The 2020 RSA Heritage Index is now available and Norwich is ranked as number 3 as a centre for heritage in England (up from number 9 in 2016). The city’s particular strengths are in Historic Built Environment (3rd up from 4th), Museums, Archives and Artefacts (7th up from 12th), and Culture and Memories (2nd down from 1st). There has also been a marked improvement for Parks and Open Space (28th up from 40th).
Norfolk as a county featured prominently. North Norfolk came 25th (up from 36 in 2016). Its main strengths included Historic Built Environment (33rd up from 71st), Landscape and Natural Heritage (22nd up from 27th), and Culture and Memories (75th up from 86th). There were also improvements in Museums, Archives and Artefacts (135th up from 141st) and Parks and Open Spaces (131st up from 137th).
Great Yarmouth did particularly well moving from 64th in 2016 to 38th. Its particular strengths were Industrial Heritage (22nd up from 40th), Parks and Open Spaces (56th up from 115th), and Historic Built Environment (85th up from 159th).
Kings Lynn and West Norfolk was ranked 54th (with a rise in Historic Built Environment, 39th), Breckland at 150th (with a rise in Historic Built Environment, 41st, and Museums, Archives and Artefacts, 117th), Broadland at 190th (with a strength in Landscape and Natural Heritage, 123rd), and South Norfolk at 219th (with a strength in Historic Built Environment, 63rd).
Across the region, Cambridge also featured in the top 10 at number 9 (up from 12th). Maldon moved from 40th to 37th (with moves in Historic Built Environment, 48th, and Museums, Archives and Artefacts, 125th), while Colchester remained unchanged at 140th (though with a move to 80th for Historic Built Environment). Ipswich fell from 70th in 2016 to 87th. East Suffolk was placed at 98th, and West Suffolk at 122nd.
In tackling my backlog of grey literature reading, a report re-emerged in my files on an EU-funded project which ran as part of the 2007-2013 North Sea Region Programme. The project, entitled “Making Places Profitable – Public and Private Open Spaces”, shortened to MP4 focused on exploration of approaches for planning and designing, maintaining and using public places in the long-term. It set out to demonstrate how open space improvements offer positive socio-economic benefits, and how the benefits offered to key communities can be maintained in the long run. It also illustrated support for greater interaction between all those involved in the open space management process. The original project website is no longer active (and I’d advise anyone not to click the link in the project report as the project domain has been re-used for something else entirely!) – but it can be found archived here. Broader research and case studies were also published in an academic text. (I also hadn’t realised that a Heriot-Watt colleague was involved in the study, and I will now track him down for a conversation!).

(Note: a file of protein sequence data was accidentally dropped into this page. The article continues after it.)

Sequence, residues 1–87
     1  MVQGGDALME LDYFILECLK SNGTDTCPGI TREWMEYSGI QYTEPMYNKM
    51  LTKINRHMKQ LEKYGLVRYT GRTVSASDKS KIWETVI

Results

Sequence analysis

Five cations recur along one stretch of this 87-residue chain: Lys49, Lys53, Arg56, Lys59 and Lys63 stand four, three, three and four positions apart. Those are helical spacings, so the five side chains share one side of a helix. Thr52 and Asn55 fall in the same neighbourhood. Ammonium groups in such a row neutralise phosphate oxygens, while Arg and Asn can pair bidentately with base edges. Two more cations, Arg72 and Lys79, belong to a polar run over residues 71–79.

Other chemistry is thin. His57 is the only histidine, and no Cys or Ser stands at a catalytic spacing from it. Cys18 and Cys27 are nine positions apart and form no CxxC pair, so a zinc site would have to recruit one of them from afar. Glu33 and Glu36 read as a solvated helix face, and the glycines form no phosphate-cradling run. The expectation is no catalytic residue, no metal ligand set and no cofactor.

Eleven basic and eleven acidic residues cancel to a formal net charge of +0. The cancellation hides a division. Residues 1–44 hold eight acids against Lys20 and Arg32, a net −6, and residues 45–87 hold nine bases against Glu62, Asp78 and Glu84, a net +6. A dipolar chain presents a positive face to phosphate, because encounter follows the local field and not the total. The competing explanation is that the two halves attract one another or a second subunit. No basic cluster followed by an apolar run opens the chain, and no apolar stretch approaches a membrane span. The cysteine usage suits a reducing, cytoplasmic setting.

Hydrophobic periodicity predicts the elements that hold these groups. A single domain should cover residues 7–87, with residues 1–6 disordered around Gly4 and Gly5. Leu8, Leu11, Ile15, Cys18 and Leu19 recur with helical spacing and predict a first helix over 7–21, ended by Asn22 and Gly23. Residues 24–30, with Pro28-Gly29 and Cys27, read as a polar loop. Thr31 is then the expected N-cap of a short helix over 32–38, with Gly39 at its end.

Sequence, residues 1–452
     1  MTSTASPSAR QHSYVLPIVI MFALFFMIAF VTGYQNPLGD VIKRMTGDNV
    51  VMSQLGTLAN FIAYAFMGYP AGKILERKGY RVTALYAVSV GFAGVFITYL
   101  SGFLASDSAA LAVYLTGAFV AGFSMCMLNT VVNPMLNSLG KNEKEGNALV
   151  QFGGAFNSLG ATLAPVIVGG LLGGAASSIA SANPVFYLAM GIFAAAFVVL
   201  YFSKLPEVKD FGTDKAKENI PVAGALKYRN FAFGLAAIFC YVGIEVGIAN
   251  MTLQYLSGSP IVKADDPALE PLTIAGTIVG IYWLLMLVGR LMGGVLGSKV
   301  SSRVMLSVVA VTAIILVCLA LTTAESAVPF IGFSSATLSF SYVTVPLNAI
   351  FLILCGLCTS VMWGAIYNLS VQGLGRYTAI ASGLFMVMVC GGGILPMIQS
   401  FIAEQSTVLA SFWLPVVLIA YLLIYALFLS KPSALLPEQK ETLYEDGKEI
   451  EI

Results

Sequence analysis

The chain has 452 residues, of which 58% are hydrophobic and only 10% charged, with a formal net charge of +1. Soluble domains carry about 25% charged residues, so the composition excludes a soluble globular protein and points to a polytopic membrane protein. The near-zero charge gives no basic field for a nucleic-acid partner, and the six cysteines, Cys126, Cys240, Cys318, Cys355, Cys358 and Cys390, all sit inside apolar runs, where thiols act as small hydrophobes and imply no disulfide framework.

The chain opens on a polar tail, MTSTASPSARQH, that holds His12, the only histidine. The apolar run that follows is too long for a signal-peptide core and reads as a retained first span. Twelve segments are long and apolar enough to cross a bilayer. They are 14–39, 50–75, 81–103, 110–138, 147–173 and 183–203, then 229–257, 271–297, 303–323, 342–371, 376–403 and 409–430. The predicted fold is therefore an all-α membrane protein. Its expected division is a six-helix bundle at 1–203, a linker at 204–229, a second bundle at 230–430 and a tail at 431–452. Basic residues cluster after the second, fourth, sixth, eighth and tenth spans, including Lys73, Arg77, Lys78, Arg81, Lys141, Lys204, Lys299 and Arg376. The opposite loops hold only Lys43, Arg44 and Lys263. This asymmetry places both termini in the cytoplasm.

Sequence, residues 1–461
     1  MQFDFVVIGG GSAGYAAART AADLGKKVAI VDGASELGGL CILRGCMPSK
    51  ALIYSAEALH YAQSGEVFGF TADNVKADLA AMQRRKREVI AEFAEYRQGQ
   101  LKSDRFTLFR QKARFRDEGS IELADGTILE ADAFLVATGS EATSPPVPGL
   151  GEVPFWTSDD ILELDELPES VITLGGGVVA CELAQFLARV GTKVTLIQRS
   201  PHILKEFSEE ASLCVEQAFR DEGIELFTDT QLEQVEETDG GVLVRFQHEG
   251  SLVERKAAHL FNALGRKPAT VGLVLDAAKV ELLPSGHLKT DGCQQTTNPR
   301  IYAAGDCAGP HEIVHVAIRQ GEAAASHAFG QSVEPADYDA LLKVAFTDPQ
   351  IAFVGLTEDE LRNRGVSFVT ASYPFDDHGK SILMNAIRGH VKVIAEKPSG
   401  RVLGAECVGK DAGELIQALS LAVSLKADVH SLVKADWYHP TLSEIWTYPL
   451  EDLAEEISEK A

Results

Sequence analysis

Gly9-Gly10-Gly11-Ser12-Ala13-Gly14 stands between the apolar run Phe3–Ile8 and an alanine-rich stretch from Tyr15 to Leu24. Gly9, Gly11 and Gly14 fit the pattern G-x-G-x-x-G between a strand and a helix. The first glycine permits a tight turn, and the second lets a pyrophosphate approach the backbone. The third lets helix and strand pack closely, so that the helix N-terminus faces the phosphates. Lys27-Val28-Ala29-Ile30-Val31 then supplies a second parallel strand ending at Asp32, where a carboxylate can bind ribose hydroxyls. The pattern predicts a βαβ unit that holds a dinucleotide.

The key phrase used within the project which has stuck in my mind over the past few days, is ‘place-keeping’, mainly because I haven’t consciously heard it being used in the historic environment milieu which I am embedded in (rather than the open space management context where it originated). That we haven’t picked up on the term ‘place-keeping’ surprises me therefore – as the ethos of balancing preservation and managing change which is at the heart of heritage management seems to be neatly captured in it, particularly where community and stakeholder engagement is at the fore, and especially where it is trying to encourage greater sense of ‘ownership’. Place-keeping, however perhaps better captures aspects of our discussions in heritage management which which have co-opted ‘place-making’ as a term to use somewhat uncomfortably at times, where heritage has been hard-wired to regeneration and as an instrumental tool for development. Place-keeping also has an implicit sense of history within the term, whilst place-making just doesn’t – to me it suggests a constant act of development. Perhaps I have missed it entirely, but I think I shall now be slipping place-keeping into meetings and discussions and see where it finds new traction – or gets challenged forcing me to consider this all a little more.